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Prognostic factors of acute ankle sprain: Need for ultrasonography to predict prognosis

Choi, WS  | Cho, JH  | Lee, DH  | Chung, JY  | Lim, SM | Park, YU
Journal of orthopaedic science, 25(2). : 303-309, 2020
Journal Title
Journal of orthopaedic science
BACKGROUND: Ankle sprains are one of the most common musculoskeletal injuries. To guide management decisions, a clear insight into the relevant subgroups of patients with a potentially better or worse prognosis is important. This study aimed to evaluate injury severity, using ultrasonography (US), as a prognostic factor of acute ankle sprain and other possible factors including age, sex, body mass index (BMI), level of job activity, and level of sports activity. MATERIALS AND METHODS: We retrospectively reviewed 28 patients with acute ankle sprain who reported at initial examination with an acutely twisted ankle. All patients had received a standard physical examination, radiography and standard ultrasound, to diagnose specific ligament injuries and their ankle sprain had been treated using standard conservative management. Various data including age, sex, BMI, level of sports activity, level of daily job activity, and final functional score (Foot and Ankle Outcome Scores, FAOS) were obtained. Mean comparison and correlations were used to assess risk factors. Risk factors associated with functional outcomes were evaluated using a multiple linear regression test. RESULTS: At final follow-up as 1 year after injury, FAOS differed significantly for injury severity, age, and BMI. There were no significant differences in sex, job activity, and exercise levels. The factor most affecting FAOS for both pain (FAOS-Pain) and symptoms (FAOS-Sx) was the number of completely torn ligaments. Age was the most important factor affecting the FAOS-Daily Living Activity (ADL). BMI was the most important factor for sports activity level (FAOS-Sports). Age and the number of completely torn ligaments were both important to FAOS-Sports and quality of life (FAOS-QOL). CONCLUSION: The severity of injury, defined using US, was a prognostic factor for long-term outcome following acute ankle sprain. Therefore, US imaging of acute ankle ligament injury may be important to predict prognosis of acute ankle sprain.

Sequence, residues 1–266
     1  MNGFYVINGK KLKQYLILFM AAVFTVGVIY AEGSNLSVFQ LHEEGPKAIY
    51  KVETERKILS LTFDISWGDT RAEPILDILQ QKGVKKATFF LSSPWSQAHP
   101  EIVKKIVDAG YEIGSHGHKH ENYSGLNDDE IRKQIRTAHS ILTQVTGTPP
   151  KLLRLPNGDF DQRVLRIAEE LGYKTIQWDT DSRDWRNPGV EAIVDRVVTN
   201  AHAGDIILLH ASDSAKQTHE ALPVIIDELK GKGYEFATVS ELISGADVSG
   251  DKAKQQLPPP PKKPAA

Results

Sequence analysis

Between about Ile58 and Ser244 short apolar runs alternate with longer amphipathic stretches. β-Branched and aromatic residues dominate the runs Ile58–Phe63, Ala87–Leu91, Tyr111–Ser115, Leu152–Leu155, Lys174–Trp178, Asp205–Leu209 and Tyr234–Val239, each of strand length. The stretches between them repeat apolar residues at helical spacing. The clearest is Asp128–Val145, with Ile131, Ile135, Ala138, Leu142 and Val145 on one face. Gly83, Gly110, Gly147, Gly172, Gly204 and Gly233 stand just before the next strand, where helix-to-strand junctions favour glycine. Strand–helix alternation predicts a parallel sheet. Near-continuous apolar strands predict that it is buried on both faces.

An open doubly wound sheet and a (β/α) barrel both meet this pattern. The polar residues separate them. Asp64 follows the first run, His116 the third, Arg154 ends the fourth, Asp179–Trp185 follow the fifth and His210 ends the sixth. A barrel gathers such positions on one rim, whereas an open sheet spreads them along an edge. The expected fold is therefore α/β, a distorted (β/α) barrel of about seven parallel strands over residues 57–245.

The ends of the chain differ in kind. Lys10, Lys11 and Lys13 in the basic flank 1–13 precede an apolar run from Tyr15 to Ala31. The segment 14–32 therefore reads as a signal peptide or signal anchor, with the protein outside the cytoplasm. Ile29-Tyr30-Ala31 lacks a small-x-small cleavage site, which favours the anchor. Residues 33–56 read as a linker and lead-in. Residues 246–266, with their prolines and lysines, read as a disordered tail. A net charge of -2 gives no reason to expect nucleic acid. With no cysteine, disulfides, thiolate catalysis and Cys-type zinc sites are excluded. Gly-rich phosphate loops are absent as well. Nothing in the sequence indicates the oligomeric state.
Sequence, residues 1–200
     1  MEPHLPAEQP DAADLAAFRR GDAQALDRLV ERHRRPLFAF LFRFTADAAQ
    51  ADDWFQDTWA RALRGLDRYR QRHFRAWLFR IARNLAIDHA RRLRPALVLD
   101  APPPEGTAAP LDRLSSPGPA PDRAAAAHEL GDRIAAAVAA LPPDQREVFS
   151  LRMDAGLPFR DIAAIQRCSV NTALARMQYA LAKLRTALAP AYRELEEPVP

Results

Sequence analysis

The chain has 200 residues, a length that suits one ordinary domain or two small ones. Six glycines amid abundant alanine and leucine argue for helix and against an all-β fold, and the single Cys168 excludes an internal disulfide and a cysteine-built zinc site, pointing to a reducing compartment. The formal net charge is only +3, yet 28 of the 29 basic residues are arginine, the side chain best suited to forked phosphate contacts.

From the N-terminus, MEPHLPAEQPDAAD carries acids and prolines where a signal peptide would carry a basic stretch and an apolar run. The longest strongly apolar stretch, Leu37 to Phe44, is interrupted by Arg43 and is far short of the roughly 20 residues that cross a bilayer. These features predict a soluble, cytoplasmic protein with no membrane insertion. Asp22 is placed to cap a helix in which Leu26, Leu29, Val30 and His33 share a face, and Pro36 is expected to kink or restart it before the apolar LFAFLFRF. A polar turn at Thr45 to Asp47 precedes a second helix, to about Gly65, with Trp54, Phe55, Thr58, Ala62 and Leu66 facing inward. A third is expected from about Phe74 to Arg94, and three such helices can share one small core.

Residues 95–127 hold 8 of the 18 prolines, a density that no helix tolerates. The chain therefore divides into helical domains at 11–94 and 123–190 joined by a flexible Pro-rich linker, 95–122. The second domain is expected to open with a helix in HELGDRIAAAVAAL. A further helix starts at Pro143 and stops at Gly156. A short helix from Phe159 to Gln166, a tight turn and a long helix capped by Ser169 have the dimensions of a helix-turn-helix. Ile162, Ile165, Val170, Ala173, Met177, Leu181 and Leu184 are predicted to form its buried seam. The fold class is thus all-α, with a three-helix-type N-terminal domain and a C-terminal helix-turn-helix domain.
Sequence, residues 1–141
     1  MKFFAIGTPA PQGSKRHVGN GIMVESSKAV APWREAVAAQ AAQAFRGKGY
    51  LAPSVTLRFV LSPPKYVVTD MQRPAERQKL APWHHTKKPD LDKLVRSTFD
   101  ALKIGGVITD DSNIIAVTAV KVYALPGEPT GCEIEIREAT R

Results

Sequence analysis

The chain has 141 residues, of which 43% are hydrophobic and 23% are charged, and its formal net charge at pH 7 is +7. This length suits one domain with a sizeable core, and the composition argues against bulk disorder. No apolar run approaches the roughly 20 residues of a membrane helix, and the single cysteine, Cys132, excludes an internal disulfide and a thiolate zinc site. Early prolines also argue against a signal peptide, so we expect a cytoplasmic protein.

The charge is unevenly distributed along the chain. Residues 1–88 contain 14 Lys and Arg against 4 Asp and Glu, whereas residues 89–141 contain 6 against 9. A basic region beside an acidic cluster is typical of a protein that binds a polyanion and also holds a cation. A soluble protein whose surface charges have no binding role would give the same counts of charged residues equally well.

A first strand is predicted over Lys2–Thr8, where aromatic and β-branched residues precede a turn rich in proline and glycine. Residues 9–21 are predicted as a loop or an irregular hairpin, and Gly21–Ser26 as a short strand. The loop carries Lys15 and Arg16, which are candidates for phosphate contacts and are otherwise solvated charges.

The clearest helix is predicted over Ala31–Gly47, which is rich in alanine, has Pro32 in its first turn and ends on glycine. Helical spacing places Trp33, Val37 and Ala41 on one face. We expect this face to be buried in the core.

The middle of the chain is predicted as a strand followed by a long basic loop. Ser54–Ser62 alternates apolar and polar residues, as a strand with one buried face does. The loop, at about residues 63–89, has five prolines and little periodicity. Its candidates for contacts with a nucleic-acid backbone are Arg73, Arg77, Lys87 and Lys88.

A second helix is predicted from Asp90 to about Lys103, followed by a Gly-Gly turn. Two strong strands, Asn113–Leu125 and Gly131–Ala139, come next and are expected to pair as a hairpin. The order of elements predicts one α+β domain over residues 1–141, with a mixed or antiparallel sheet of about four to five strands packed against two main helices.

Appears in Collections:
Journal Papers > School of Medicine / Graduate School of Medicine > Orthopedic Surgery
Ajou Authors
박, 영욱  |  이, 두형  |  정, 준영  |  조, 재호  |  최, 완선
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